“Bill Morgan and His Gal”


Bill Morgan takes his girlfriend out to eat; she orders such a huge dinner that he remonstrates with her, saying, "My name is Morgan, but it ain't J. P." Other examples of her profligacy follow; at last Morgan gives up on her


John Pierpont Morgan (1837-1913), mortgage banker, was probably the most powerful financier in American history; he controlled railroads, steel mills and the largest bank on Wall Street. The size of his enterprises is demonstrated by the fact that his bank actually financed the Federal Reserve Board in its early years.

Morgan also (at the request of Theodore Roosevelt) managed the stock market problem which led to the Panic of 1907. Using his own money and money he pried out of other bankers, he managed to stabilize the financial system, though the resulting recession hurt ordinary people badly. - PJS, RBW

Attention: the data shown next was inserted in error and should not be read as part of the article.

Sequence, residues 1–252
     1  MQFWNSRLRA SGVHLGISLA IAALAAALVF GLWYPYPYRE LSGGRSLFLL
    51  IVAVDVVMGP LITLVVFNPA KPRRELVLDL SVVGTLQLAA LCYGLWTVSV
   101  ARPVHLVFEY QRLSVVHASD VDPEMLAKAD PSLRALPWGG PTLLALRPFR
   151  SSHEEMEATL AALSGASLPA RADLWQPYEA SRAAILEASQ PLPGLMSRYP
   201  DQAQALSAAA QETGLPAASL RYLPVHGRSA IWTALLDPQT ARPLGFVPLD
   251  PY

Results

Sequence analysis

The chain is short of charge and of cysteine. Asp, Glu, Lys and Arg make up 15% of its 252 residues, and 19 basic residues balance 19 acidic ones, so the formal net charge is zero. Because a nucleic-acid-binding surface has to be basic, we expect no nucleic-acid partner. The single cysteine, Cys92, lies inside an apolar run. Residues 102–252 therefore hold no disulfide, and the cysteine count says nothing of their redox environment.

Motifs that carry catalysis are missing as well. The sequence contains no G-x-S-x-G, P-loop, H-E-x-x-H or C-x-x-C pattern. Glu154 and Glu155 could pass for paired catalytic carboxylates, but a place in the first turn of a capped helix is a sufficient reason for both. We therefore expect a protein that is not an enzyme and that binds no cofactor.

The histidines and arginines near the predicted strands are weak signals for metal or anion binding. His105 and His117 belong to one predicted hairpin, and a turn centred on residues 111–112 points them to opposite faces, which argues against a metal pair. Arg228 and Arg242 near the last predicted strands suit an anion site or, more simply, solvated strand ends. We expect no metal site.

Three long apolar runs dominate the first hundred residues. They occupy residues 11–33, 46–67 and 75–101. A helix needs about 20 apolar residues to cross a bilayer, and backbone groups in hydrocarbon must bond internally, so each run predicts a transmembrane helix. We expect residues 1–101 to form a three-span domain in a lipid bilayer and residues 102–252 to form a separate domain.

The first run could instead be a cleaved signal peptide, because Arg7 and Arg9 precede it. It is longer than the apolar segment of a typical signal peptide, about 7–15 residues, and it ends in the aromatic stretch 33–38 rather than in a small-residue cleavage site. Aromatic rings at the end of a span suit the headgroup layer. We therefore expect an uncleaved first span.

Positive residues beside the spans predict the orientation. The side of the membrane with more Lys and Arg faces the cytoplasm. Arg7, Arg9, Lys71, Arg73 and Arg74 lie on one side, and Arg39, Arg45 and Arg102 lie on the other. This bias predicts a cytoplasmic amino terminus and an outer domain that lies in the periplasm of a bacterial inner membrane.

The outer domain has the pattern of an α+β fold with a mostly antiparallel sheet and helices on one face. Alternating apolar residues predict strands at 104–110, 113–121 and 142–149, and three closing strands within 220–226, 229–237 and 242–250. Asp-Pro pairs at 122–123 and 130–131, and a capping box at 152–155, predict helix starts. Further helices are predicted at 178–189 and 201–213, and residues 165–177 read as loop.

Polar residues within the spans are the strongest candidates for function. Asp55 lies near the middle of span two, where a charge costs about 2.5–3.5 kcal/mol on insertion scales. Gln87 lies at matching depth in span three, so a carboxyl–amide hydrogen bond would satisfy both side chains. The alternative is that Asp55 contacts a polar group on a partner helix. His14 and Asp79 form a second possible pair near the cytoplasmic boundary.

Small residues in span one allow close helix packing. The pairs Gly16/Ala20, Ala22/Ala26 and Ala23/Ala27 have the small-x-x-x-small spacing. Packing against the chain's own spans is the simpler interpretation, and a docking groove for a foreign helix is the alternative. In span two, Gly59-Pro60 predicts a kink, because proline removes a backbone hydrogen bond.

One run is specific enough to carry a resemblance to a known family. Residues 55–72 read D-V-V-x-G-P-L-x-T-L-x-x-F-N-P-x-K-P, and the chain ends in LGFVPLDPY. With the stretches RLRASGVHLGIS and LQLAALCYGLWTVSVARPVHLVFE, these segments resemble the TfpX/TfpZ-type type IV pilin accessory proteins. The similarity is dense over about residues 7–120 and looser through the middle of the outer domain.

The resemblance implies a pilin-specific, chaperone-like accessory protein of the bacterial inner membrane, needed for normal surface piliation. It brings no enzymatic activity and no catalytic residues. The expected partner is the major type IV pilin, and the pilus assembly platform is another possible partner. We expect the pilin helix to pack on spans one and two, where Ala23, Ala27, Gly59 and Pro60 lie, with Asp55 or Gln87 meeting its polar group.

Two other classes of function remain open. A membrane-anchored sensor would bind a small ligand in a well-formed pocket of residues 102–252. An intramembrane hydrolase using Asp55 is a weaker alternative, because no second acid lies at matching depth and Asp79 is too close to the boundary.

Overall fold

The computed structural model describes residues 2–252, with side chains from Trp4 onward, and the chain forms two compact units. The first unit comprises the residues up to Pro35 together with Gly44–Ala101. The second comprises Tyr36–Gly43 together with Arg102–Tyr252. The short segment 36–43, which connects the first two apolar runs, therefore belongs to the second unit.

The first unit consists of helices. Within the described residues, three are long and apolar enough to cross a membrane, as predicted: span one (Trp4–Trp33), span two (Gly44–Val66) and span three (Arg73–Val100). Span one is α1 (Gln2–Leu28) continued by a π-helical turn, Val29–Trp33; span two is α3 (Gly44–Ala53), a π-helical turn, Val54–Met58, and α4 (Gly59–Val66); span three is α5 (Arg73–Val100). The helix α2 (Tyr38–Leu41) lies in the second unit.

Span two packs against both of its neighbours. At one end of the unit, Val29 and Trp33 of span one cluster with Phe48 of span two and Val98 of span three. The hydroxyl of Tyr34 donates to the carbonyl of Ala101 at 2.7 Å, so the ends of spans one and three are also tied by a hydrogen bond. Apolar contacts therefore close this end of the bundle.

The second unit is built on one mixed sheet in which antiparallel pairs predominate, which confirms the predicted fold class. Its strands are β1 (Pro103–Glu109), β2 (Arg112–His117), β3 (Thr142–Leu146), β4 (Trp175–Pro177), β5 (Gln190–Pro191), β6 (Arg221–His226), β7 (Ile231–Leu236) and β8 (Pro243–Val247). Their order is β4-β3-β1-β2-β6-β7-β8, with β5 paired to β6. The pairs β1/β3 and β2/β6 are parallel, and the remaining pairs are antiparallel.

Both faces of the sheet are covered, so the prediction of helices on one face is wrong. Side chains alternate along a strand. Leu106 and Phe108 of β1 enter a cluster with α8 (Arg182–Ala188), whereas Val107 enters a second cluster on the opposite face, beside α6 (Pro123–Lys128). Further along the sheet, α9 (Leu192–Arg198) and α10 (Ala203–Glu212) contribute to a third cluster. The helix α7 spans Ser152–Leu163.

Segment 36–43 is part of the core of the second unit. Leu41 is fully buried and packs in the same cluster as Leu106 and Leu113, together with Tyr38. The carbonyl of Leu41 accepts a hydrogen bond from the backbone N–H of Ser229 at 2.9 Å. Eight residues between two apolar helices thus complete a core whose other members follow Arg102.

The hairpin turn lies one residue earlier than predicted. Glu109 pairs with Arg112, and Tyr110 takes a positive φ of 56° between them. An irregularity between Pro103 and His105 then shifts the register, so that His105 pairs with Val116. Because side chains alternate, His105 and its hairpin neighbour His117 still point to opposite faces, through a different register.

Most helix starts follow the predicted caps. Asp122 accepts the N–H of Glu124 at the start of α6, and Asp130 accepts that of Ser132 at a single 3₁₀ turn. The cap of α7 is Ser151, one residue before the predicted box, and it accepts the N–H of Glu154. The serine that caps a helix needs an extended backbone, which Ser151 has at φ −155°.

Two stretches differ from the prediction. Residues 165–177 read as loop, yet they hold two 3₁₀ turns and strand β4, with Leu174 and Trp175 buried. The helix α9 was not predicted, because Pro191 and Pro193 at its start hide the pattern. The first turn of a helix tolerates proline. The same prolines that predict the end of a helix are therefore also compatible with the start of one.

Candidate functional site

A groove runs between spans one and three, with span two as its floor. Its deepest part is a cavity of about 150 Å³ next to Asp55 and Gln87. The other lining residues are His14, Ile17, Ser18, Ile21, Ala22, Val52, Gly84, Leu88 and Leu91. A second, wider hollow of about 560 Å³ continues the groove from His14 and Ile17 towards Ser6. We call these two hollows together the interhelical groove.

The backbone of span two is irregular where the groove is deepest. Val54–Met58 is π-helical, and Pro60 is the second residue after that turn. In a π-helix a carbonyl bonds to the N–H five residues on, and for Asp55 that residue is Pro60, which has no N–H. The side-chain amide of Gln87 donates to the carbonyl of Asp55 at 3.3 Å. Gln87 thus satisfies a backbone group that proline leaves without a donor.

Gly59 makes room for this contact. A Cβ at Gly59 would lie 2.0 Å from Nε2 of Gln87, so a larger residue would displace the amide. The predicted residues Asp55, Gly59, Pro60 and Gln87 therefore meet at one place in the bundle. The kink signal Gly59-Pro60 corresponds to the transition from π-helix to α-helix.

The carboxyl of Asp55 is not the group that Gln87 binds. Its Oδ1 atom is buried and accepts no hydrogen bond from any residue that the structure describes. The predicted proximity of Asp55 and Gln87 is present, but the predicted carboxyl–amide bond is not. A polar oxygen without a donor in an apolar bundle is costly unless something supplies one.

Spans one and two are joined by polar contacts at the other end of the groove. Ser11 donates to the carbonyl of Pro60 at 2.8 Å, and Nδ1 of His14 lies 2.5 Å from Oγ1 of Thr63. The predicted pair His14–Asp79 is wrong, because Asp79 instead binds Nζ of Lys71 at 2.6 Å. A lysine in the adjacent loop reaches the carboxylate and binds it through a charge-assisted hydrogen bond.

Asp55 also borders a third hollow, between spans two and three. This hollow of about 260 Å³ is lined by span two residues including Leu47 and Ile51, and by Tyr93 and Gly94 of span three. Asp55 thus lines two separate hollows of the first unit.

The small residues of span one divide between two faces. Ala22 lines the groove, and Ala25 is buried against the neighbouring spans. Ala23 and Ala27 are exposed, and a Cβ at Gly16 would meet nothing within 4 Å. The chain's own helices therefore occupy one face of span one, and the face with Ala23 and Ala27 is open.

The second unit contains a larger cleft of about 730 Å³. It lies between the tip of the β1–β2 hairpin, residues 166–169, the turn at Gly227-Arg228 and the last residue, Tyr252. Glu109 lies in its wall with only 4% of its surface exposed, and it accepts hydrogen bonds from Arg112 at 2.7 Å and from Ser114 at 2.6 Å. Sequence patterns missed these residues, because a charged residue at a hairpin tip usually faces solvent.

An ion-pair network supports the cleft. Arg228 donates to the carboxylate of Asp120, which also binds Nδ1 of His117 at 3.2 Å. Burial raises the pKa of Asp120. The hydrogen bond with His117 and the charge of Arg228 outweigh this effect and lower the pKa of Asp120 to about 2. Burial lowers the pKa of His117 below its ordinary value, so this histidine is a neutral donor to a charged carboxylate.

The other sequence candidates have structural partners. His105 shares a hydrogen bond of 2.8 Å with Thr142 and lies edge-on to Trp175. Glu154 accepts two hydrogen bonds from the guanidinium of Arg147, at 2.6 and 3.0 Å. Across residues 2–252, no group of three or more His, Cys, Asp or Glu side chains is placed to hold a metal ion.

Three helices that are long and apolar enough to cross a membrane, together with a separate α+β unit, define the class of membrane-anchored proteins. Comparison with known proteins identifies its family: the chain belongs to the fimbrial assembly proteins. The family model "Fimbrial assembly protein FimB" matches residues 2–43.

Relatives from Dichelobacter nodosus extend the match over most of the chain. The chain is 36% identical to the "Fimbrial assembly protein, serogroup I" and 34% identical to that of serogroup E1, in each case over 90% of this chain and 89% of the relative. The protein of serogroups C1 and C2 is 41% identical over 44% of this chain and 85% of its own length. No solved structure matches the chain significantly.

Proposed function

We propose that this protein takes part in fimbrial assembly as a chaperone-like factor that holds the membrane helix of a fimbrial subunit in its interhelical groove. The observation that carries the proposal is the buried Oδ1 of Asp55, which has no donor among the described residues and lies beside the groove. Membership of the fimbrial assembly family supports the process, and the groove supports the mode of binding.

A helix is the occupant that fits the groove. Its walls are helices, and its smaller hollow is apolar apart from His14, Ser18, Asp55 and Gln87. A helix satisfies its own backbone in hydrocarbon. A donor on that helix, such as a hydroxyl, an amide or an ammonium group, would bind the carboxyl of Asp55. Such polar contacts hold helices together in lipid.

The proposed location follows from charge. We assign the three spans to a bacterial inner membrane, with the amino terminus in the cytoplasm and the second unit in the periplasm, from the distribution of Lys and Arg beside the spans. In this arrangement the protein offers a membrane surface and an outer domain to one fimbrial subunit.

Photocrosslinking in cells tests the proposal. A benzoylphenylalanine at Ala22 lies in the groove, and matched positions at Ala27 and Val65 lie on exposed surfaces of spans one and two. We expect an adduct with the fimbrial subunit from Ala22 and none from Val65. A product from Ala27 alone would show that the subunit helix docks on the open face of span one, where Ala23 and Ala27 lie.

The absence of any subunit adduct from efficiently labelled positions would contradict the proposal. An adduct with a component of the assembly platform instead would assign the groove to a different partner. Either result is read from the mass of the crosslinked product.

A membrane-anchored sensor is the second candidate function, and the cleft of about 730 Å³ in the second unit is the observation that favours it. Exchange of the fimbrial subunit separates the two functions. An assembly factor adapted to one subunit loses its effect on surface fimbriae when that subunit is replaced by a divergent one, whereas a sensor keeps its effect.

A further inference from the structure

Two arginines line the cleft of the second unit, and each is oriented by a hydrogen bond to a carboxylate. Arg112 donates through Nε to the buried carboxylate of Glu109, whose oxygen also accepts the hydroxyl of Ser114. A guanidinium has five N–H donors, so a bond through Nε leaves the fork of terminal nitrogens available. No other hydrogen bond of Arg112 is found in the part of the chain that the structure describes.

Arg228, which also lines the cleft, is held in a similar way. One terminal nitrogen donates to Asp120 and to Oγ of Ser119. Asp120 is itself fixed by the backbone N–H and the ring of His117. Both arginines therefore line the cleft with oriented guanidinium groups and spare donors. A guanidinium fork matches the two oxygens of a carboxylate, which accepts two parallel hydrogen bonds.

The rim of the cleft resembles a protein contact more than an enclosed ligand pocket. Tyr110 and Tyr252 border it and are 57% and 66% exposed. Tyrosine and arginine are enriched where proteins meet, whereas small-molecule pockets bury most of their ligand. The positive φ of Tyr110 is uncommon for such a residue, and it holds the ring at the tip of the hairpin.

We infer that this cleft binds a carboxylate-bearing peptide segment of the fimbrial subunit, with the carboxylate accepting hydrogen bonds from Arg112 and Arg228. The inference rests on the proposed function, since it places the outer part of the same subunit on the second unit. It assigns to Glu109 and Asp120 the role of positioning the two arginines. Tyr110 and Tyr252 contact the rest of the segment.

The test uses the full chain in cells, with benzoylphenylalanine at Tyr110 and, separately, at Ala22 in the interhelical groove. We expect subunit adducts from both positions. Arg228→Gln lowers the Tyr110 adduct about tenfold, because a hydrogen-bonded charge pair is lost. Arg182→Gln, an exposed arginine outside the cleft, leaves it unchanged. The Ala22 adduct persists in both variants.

This has the hallmarks of a vaudeville song. - PJS

And the New Lost City Ramblers version heightens this impression with an additional chorus. - RBW

We should note that this is NOT the same as the Mitchell Trio song "My Name Is Morgan," though that was doubtless suggested by this piece. - RBW

Cross references


  • Buster Carter & Preston Young, "Bill Morgan and his Gal" (Columbia 15758-D, 1932; rec. 1931)
  • New Lost City Ramblers, "Bill Morgan and his Gal" (on NLCR05, NLCRCD1)
  • Bob Roberts, "My Name Is Morgan, But It Ain't J.P." (CYL: Edison 9227, 1906)


  1. DT, AINTJP*
  2. BI, RcBMAHG


Alternate titles: “My Name is Morgan (But It Ain't J. P.)”
Author: unknown
Earliest date: 1906 (recording, Bob Roberts)
Keywords: food humorous lover money
Found in: US